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Suspect in poisoning of former Russian agent Litvinenko says he'll cooperate with inquiry

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LONDON — A prime suspect in the poisoning of former Russian agent Alexander Litvinenko appears to have broken his silence to say he will cooperate with a British inquiry into the death.

Inquiry attorney Robin Tam said Thursday that a man calling himself Dmitry Kovtun had contacted lawyers and "said he is willing to take part in the inquiry."

Litvinenko, a KGB officer-turned-Kremlin critic, died after drinking tea laced with radioactive polonium-210 at a London hotel in November 2006.

British police have accused two Russian men — Kovtun and Andrei Lugovoi — of the killing. Both deny involvement, and Russia refuses to extradite them.

Judge Robert Owen, who is overseeing the inquiry, said it was "highly regrettable" that Kovtun had waited so long to make contact.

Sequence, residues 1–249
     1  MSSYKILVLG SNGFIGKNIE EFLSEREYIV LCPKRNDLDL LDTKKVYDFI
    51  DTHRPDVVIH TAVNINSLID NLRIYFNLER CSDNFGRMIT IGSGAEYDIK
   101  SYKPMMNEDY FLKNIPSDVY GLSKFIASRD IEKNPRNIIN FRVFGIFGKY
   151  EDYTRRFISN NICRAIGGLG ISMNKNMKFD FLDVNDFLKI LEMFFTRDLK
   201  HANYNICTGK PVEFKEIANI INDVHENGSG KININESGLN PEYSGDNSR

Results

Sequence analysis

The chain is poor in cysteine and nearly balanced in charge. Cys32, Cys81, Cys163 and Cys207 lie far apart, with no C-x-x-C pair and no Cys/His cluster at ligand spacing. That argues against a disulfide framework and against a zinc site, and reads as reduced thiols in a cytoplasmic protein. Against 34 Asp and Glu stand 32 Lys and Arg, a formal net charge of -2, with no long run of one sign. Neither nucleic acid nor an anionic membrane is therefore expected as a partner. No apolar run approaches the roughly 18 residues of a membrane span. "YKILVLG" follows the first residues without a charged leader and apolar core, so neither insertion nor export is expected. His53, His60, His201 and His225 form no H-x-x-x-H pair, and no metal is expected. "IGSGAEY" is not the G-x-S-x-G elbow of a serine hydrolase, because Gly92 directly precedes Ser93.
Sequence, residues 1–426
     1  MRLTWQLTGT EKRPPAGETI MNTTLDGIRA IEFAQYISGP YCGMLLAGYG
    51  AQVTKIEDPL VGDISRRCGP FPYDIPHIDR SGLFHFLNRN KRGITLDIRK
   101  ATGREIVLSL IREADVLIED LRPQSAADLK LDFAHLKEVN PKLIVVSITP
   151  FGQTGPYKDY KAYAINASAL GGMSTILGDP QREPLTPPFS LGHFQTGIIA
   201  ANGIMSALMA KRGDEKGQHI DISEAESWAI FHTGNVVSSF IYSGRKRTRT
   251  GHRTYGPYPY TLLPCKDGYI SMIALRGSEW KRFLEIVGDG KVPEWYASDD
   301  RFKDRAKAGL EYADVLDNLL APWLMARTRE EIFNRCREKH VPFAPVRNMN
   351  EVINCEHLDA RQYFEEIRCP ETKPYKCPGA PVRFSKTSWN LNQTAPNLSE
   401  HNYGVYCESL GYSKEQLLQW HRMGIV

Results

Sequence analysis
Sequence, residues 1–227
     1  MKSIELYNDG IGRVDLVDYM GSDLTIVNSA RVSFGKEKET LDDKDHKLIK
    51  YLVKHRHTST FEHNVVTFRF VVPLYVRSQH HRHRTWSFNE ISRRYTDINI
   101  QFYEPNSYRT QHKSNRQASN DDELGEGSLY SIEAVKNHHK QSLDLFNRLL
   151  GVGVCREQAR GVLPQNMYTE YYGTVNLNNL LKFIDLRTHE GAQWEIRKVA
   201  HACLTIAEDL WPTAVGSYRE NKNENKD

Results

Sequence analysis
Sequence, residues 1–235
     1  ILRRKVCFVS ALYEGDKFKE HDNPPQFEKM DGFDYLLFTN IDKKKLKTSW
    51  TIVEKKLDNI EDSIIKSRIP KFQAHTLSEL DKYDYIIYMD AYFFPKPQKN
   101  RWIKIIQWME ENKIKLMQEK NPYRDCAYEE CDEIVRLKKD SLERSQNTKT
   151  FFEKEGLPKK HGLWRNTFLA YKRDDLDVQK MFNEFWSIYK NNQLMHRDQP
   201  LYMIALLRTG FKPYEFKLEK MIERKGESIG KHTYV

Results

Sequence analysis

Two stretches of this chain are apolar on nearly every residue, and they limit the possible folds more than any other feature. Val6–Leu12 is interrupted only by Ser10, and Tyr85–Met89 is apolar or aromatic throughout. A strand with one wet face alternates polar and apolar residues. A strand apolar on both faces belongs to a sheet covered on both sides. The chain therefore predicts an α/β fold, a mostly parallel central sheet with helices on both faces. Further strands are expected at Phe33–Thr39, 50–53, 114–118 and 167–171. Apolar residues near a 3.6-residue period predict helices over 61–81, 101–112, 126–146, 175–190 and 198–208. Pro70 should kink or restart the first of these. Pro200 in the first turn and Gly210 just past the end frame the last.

He said Kovtun's offer couldn't be an excuse to stretch out the already long-delayed inquiry.

"This matter cannot be allowed to drift on," the judge said.

It wasn't immediately clear how Kovtun could participate, but the inquiry has previously invited Kovtun and Lugovoi to give evidence by video link.

Lugovoi has declined to appear, accusing the inquiry of attempting to "whitewash" the involvement of British intelligence in Litvinenko's death.

On his deathbed, Litvinenko accused Russian President Vladimir Putin of ordering his assassination, and Britain has also alleged that the Russian state was involved.

The killing soured U.K.-Russian relations for years, and the investigation into the death stalled — first because Russia refused to hand over the suspects, then because British authorities would not disclose classified intelligence evidence.

Under the terms of the inquiry, that evidence will be heard in secret, after public hearings end at the Royal Courts of Justice.

Ben Emmerson, lawyer for Litvinenko's widow Marina, said Kovtun's about-face was "an unexpected development."

"But if that's what he wants to do, then we would be more than happy to facilitate the opportunity to have a proper chance to question this man about his conduct and his role in the murder of Mr. Litvinenko," he said.

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